A woman convicted of witchcraft during the 17th-century Salem trials is expected to be pardoned thanks to a group of campaigning US schoolchildren.
Elizabeth Johnson Jr. was sentenced to death in 1693 as mass hysteria about witches swept colonial Massachusetts.
She was granted a reprieve and died in her late 70s in the 1740s but, unlike other convicted witches, has never been exonerated.
When eighth graders at North Andover Middle School, near Salem, learned about her plight during their civics class, they decided to take action.
They did extensive research, studying primary sources to understand that Johnson was targeted because she was unmarried and possibly mentally disabled.
"Part of our introduction to the civics class overall is based on the idea of identity, values, stereotypes and civil discourse," teacher Carrie LaPierre told AFP.
"So looking at the situation regarding Johnson from this lens helped students develop perspective and empathy for her case," she added.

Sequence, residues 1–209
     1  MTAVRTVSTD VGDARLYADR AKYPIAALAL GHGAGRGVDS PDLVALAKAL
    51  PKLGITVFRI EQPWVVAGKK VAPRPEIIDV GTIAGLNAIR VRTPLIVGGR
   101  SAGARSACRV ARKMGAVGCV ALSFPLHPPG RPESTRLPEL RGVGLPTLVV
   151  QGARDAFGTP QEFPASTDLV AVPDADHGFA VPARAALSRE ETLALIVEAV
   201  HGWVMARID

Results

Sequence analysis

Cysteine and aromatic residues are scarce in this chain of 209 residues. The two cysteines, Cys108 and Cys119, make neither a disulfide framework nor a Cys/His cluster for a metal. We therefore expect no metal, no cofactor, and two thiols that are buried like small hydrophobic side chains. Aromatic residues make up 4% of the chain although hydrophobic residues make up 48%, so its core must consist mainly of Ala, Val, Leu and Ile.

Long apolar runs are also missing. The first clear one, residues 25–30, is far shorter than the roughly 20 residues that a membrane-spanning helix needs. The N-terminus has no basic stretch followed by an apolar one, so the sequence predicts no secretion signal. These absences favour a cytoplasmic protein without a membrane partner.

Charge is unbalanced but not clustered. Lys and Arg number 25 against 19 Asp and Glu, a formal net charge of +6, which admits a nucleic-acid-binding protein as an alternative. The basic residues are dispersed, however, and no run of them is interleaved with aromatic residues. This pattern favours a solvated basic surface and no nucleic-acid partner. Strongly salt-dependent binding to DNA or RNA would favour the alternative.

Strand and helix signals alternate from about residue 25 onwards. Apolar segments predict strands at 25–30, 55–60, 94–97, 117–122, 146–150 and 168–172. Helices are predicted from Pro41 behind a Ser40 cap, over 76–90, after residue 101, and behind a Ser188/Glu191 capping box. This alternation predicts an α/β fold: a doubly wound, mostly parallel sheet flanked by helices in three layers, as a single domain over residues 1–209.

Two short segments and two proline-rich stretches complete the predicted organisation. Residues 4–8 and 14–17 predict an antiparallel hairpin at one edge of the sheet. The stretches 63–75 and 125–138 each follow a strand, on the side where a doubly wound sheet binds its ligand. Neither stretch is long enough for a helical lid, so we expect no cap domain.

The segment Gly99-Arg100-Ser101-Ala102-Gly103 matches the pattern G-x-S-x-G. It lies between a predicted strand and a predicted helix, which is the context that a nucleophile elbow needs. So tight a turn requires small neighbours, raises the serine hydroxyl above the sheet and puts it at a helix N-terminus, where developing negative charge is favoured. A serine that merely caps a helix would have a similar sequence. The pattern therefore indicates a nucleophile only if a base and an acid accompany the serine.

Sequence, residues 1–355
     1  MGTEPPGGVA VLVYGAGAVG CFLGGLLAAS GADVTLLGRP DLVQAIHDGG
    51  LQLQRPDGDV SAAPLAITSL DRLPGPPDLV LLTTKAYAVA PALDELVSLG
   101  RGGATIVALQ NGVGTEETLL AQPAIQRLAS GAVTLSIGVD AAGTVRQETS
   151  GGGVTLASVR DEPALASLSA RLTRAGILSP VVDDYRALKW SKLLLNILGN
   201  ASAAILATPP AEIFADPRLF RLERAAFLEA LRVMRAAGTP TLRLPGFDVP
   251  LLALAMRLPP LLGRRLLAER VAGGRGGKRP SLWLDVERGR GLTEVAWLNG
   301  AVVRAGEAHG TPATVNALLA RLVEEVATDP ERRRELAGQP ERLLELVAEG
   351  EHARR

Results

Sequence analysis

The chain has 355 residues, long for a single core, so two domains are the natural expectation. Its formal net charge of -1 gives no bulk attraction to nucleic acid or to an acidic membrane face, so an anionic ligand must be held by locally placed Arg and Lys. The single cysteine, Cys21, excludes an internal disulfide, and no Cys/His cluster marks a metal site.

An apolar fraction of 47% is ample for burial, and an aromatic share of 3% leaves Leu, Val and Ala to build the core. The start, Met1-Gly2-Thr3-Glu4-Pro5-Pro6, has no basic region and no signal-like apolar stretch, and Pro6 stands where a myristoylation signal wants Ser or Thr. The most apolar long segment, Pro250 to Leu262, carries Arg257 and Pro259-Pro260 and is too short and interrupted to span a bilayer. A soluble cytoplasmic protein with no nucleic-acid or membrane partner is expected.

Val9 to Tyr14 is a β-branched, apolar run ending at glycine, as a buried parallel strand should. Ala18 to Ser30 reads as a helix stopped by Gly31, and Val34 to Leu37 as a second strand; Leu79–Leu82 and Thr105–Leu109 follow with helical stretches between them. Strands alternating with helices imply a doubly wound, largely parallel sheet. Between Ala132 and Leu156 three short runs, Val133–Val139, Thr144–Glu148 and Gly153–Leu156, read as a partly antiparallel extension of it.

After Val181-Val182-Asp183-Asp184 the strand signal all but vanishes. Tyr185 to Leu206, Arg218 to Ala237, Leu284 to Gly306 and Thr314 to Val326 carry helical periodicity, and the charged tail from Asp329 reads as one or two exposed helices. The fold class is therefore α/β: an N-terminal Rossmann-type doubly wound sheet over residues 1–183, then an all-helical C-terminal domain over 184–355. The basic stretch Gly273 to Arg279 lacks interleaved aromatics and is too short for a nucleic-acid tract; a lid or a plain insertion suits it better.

The 13- and 14-year-olds couldn't understand how Johnson was overlooked for a pardon: she had no immediate descendants lobbying for it.
They began writing letters to local representatives and helped state senator Diana DiZoglio draft a bill that will clear Johnson's name.
DiZoglio recently introduced the legislation, which isn't expected to face any opposition.
More than 150 people, mostly women and including Johnson's mother, were accused of witchcraft between 1692 and 1693 as Massachusetts was gripped by fear, paranoia and superstition.
Thirty, including Johnson, were found guilty, 19 of whom were hanged. Massachusetts has formally exonerated the other 29, according to DiZoglio.
"It is simply time to finish the job and clear the name of Elizabeth Johnson Jr. once and for all," she told AFP.
The students are receiving updates as their bill moves through the legislature and are enjoying the press coverage they are getting, including in The New York Times.
"In light of the present-day events that have consumed the attention of most over this past year, this project may seem insignificant, but the kids' efforts righted a long-standing wrong, and I want them to be proud of that," said LaPierre.